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Foster Care Crisis Puts Focus On ‘Boarder Babies’

March 26, 1987

NEW YORK (AP) _ An uproar over the city’s foster care system has put a spotlight on its most innnocent victims: the 300 or so ″boarder babies″ who spend their infancy behind bars in hospital cribs instead of foster homes.

Usually the offspring of drug addicts, the babies are held for months after birth in hospital wards throughout the city, sometimes long enough that they learn to stand and walk in their ″cages,″ as the cribs, many of them steel, are described by critics.

Now, under pressure to reform the foster care system, the city’s Human Resources Administration has announced a plan to end the boarder baby crisis.

Under the plan, announced Wednesday by new HRA Administrator William Grinker, the city would keep the boarder babies in hospitals for no more than a week unless they suffer from serious medical problems.

The city also would boost pay to foster parents, make faster decisions on whether to return infants to their natural parents and expand efforts to work with parents to try to keep a family together even before a baby is born. The plan is due to go into effect by November.

The changes were proposed after the HRA and its Special Services for Children division came under intense fire from child advocacy groups. The Association to Benefit Children filed a lawsuit on behalf of the boarder babies last December.

″When a human baby isn’t nurtured and isn’t given an opportunity to develop a bond to a parent or primary caretaker, the baby loses resistance, loses ground, loses the ability to fight off disease,″ Gretchen Buchenholz, head of the Association to Benefit Children, said Thursday.

″On that count alone, the baby is at risk. Babies don’t develop - physically, emotionally, cognitively and socially - when they aren’t loved,″ she said.

The problem with boarder babies - defined as children under the age of 2 who are hospitalized without medical necessity - is not new.

According to Barbara Emmerth, research director for the Citizens Committee for Children of New York, the city underwent similar crises in 1959 and 1976, as the number of infants needing foster care suddenly shot ahead of the number of foster parents.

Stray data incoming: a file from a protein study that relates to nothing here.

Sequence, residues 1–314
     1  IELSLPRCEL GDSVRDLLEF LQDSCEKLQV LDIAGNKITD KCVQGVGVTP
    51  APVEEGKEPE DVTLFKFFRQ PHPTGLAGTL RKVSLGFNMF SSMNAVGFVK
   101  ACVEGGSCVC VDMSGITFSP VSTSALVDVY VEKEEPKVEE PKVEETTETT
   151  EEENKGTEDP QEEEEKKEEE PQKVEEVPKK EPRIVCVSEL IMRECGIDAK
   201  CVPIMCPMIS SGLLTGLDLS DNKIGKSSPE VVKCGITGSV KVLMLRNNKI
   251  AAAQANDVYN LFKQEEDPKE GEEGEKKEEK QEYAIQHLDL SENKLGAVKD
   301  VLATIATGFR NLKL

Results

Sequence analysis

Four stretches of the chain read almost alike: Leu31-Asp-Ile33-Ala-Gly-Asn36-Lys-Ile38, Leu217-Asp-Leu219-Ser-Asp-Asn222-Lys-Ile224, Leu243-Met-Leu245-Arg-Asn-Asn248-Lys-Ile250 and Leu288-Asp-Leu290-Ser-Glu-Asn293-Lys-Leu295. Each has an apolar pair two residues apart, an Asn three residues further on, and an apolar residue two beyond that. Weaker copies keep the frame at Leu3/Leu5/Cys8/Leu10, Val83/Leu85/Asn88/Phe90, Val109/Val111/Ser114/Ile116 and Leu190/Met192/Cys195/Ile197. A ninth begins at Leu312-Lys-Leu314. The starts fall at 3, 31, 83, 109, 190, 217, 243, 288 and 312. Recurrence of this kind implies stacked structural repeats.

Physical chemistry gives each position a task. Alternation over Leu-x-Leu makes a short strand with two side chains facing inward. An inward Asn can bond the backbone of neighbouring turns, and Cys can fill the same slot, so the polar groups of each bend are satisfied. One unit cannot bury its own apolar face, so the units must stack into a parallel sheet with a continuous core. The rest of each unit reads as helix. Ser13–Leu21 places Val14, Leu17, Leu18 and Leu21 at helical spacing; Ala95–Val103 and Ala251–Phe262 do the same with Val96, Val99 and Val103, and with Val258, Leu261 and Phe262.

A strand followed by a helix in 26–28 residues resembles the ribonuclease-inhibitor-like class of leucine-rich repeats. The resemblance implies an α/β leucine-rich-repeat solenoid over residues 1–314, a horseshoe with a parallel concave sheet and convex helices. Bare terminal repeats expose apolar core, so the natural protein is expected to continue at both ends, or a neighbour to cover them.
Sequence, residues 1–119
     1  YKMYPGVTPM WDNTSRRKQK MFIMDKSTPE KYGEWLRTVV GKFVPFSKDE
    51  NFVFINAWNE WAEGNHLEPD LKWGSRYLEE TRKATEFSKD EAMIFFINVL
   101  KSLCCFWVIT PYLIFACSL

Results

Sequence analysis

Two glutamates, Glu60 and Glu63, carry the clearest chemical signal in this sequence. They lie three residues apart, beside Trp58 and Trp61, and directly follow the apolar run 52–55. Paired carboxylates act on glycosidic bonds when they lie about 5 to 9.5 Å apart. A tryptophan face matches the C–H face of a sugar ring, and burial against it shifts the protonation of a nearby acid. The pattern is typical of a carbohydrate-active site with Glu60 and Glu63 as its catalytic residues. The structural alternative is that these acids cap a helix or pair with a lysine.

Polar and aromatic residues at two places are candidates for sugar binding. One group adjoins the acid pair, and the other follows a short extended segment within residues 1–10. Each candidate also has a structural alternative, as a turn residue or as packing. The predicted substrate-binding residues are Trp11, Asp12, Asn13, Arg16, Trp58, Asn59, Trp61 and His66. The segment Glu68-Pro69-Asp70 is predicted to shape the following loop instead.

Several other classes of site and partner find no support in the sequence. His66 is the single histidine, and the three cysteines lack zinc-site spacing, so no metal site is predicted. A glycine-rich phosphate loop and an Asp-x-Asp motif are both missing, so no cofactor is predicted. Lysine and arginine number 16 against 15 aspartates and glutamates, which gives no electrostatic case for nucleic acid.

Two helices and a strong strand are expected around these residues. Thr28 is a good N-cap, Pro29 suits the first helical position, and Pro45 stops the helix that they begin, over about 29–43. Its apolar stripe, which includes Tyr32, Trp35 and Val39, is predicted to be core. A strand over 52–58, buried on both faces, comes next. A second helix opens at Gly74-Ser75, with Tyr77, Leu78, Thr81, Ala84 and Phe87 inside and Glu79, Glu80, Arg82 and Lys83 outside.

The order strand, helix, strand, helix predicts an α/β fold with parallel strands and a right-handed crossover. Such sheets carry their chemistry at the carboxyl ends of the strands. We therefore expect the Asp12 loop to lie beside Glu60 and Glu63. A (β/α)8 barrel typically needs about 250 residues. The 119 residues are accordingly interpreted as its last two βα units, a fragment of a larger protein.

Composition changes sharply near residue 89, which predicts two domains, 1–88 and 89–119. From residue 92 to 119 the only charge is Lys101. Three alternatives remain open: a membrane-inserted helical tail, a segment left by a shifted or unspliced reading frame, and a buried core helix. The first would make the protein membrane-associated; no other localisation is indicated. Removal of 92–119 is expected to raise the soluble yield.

This time, she said, an epidemic in the use of the potent crack form of cocaine and an increase in reported cases of child abuse and neglect apparently led to a sudden increase in babies needing foster care.

At the same time, the pool of foster parents was shrinking. One factor might have been an increase in the number of two-wage-earner families, but another, critics say, is that the city was not aggressive in seeking new foster parents.

″It had to get to a crisis situation before they (city) would pay attention to the needs of these children,″ said Ms. Emmerth.

Ms. Emmerth said it costs at least $300 a day to keep children in hospitals. According to Ms. Buchenholz, there were about 125 boarder babies in hospitals last Labor Day, 170 by mid-December, and 300 this month.

One way the city dealt with the problem was to open group care homes that were quickly derided as ″orphanages″ that were inappropriate for infants.

Some children also were returned to their natural parents after months in the hospital, said Ms. Buchenholz. In nearby Westchester County, a similar case created a furor this week when a mother was charged with beating her 18- month-old daughter to death after the child was taken out of foster care and returned home.

The city’s plan for reforming the system was welcomed by advocates for the foster children.

″It’s a plan that I think will really make a major positive difference,″ Ms. Buchenholz said. Still, she added, the Association to Benefit Children will not drop its lawsuit until it has been assured that the new plan will be adequately enforced.

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